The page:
In an article entitled “Jesus, Deliver Us from This Racist Evil Age,” Jarvis Williams (alongside co-professor at SBTS, Curtis Woods) wrote a severe exaggeration of “white supremacy” in the United States, which reads as follows:

“Brown immigrants and people of color—families like Jarvis’s, with a Hispanic wife and a mixed African-American and Hispanic son, and Curtis’s, with an African-American wife and children—are genuinely afraid that white supremacists may murder us and our kids because of the color of our skin. These fears are present in many of our churches.”

In reality, “white supremacists” are statistically uncommon in modern America. The ideology of white supremacy is not promoted by the upper echelons of power, which have adopted the goals, slogans, and practices of social justice ideology, on the whole. This is evidenced by the enforcement of support for Black Lives Matter, Pride Month, and other anti-Christian organizations and their holidays (or holi-months, really) among virtually every major company in the United States.

The real goal, for Williams, is to gaslight Christians (especially white Christians) into thinking that they are inherently complicit in racism. The solution he proposes would turn Christians into vocal antagonists against “racism”– that is, to make Christians into social justice activists who repeat the same sort of propaganda. In his own words:

“Christians must become aware of our own complicity in racism. With God’s help, Christians must also overcome convenient silence about racism because of fear of the political, social, and financial cost.”

Reformation Charlotte posted this article, which readers might find helpful here, which refutes Williams’ claims.

Jarvis Williams’ Anti-White Racial Consequentialism:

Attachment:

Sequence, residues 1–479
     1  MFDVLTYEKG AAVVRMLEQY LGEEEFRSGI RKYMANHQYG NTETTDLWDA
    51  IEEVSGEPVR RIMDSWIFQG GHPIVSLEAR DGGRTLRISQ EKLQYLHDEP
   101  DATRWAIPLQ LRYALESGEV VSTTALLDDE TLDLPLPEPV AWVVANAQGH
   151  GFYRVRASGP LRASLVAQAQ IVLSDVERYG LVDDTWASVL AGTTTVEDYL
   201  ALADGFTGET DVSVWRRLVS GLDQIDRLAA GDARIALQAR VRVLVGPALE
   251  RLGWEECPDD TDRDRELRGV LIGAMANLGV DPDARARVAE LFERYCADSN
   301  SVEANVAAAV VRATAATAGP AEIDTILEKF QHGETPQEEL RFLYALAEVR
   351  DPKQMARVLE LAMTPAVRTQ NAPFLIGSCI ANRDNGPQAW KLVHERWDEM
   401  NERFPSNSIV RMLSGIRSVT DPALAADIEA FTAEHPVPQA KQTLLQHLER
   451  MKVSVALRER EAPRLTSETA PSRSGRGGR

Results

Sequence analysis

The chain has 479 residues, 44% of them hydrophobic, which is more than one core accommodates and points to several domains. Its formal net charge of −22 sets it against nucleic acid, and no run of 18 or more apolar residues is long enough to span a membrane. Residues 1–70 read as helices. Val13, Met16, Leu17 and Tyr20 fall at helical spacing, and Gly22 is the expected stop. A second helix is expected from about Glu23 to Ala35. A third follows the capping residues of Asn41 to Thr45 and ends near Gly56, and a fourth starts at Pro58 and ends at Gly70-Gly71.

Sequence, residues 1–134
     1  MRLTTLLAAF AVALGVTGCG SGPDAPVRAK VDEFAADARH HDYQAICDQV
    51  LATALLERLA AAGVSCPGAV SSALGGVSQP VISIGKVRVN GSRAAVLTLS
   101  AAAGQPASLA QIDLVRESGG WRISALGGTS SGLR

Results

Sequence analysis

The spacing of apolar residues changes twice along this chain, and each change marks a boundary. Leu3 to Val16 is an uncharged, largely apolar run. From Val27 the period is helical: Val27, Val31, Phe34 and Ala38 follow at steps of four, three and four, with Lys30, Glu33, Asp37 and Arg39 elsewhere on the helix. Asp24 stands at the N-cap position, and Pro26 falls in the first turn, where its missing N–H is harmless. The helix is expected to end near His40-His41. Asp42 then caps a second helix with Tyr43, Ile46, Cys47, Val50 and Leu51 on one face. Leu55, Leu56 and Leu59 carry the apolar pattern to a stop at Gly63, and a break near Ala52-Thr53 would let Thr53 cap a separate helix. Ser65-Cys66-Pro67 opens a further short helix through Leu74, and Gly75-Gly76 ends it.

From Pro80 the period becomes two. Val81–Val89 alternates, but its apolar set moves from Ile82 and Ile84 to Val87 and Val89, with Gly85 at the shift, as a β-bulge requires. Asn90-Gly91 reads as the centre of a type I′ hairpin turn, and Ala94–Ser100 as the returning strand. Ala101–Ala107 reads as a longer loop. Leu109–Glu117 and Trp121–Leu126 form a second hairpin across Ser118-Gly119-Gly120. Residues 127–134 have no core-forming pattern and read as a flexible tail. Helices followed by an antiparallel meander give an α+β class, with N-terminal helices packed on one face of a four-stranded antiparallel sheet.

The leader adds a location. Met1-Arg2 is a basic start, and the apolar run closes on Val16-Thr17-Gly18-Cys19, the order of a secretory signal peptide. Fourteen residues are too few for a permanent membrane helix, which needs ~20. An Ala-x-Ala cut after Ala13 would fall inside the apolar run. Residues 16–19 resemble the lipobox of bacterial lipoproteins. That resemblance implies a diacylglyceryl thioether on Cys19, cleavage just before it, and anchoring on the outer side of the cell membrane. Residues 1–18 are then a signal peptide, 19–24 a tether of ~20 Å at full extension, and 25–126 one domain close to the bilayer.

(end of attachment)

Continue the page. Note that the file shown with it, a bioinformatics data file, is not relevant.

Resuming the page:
Williams has also argued that “whiteness becomes the standard by which all ‘good’ theology is judged… Theology is written by a white scholar who is contextualizing that theology for white audiences. And so one of the things we see is… there is racism by intent, and there’s racism by consequence.”

Williams defines “racism” as a social construct, but he does not relegate it to the intentions of the person who he would claim is a “racist.” Rather, on his view, racism can be (and, in the case of theological academia, it is) enacted without anyone intending to be racist in any way.

The solution to this unintentional “racism?”

“… [D]ethroning white supremacy in all of the forms in which it shows up in Christian spaces… because when Jesus died… one of those principalities and powers… is white supremacy…”

In other words, the logical conclusion of Williams’ position is that the works of white Christian theologians must be set aside (unless, of course, they happen to promote social justice ideology) and the works of black (and brown) Christian theologians must become the new standard by which theology is to be judged.

Jarvis Williams: It’s “Unloving” to Correct Black People About False Beliefs:

The popular narrative of CRT is founded on similar assumptions to BLM– namely, that “police brutality” against black people is a rampant problem in American society, that “systemic racism” exists against non-White people, and that white supremacy is a dominant societal force. Jarvis Williams promotes this idea and intentionally encourages neglecting the data which contradicts the social justice presuppositions. In a 2020 sermon, Williams claimed that “When there are clear examples of racism and racial injustice committed against black image bearers,”– and here he refers to the “examples” touted by social justice ideologues– “the loving thing to do is not to cite statistics of black on black crime to deflect from the killing of that black body.”

To put it another way, Jarvis Williams believes that it is unloving to correct black people when they promote tenets of CRT by demonstrating the genuine facts and statistics which refute those tenets. His argument is primarily emotive, based on the idea that “love” can be defined as something like inoffensive affection, rather than a true aim towards the good of the loved person.